I would argue that our criteria for how to vote should primarily be aligned not with what our future president could do to benefit us personally or corporately, but rather with what honors the Creator mentioned in the Declaration of Independence. It is, after all, officially recognized that our Creator is the one who endows us with inalienable rights, so why should we be expected to exclude from political discourse the values of the Creator?

Long ago, in the mid-1800s, some individuals shamefully had the audacity to argue that a certain group of people were not really human, so did not merit holding basic rights. Now in the 21st Century, many argue that yet a different group of people are not genuinely human. Thus society, through a Supreme Court decision, sanctions the termination of these people’s rights to life, liberty, and the pursuit of happiness.

Respect for the dignity of human life is of fundamental importance to society and should be a key factor in deciding for whom to vote. History has taught us this. The Declaration of Independence’s Creator’s nature points to this. Our own strong inner desire for life, liberty, and the pursuit of happiness confirms this.

Sally Simmons

Eagle Crest

Vistoso votes were counted very carefully

After reading Brenda Ryan’s letter concerning Vistoso Community Homeowners Association in the Oct. 22 edition, I felt that I needed to comment on her statement about “ballot box stuffing”.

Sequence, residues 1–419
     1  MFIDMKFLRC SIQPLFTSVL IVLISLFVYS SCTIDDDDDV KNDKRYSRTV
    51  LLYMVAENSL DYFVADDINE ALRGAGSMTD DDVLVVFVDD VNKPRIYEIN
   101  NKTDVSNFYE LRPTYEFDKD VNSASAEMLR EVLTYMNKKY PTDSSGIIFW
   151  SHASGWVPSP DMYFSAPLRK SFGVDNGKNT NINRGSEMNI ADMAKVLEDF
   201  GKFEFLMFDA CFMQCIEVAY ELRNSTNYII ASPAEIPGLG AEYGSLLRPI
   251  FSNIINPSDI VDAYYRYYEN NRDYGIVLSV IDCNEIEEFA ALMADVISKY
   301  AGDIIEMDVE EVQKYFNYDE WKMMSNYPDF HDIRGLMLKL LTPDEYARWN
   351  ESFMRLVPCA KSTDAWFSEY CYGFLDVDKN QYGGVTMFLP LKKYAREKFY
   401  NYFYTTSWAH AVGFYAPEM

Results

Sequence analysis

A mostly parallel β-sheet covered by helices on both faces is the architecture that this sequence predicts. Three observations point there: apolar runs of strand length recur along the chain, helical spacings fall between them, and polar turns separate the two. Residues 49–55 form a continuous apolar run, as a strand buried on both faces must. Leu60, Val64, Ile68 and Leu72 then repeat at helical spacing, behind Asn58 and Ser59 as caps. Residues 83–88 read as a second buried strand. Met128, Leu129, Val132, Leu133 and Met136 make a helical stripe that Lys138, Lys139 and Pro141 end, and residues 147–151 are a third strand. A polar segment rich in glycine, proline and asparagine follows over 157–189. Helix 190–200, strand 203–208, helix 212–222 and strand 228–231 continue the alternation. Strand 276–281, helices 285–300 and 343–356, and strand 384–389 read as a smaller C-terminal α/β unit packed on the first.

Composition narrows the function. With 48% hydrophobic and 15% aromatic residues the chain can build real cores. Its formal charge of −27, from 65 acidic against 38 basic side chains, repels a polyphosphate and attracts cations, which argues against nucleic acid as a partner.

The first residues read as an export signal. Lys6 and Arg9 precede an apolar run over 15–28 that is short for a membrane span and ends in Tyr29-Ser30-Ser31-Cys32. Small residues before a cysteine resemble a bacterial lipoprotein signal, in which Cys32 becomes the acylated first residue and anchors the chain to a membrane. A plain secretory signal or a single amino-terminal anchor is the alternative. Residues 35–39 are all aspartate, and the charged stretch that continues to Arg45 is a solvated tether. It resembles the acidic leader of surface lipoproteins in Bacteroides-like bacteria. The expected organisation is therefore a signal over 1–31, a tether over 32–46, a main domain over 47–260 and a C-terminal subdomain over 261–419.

I was a part of the nomination committee volunteers that had the oversight responsibility for the Vistoso Community HOA Election in March 2008.

In accordance with the CC&R’s and bylaws, each ballot was pre-numbered and homeowners had to sign their ballot in order for it to be valid and counted. The association has three groups who are eligible to vote, single family, multi-family and commercial.

Every ballot was extremely important to the nomination committee because of the legal requirements to make quorum. Without every ballot accounted for, we may not have had quorum and would have had to do the election over at great expense to the homeowners.  Each homeowner was mailed a ballot in advance of the annual meeting and had a choice to vote early or in person at annual meeting.

All mailed ballots were placed in locked boxes that were under the control of the nomination committee. Homeowner volunteers counted the ballots. Any homeowner who voted at the annual meeting placed their ballot into the locked ballot boxes after voting.

It was impossible for Lewis Management or any homeowner to “stuff” the ballot box.

Mrs. Ryan perceived that someone was placing a white envelope into a ballot box that she assumed was “stuffing,” and one might say that if you were describing a person putting a ballot into the slot in the box. The white envelope described by Mrs. Ryan was the color chosen for the “commercial ballots” cast at the meeting. Had Mrs. Ryan or any other homeowner asked about the envelope at the annual meeting, their questions would have been answered quickly concerning the envelope.

I just wanted to assure the members of Vistoso Community Homeowners Association that the election was conducted fairly, all ballots were accounted for and all votes were counted.

Jill Anderson

Vistoso Community Association member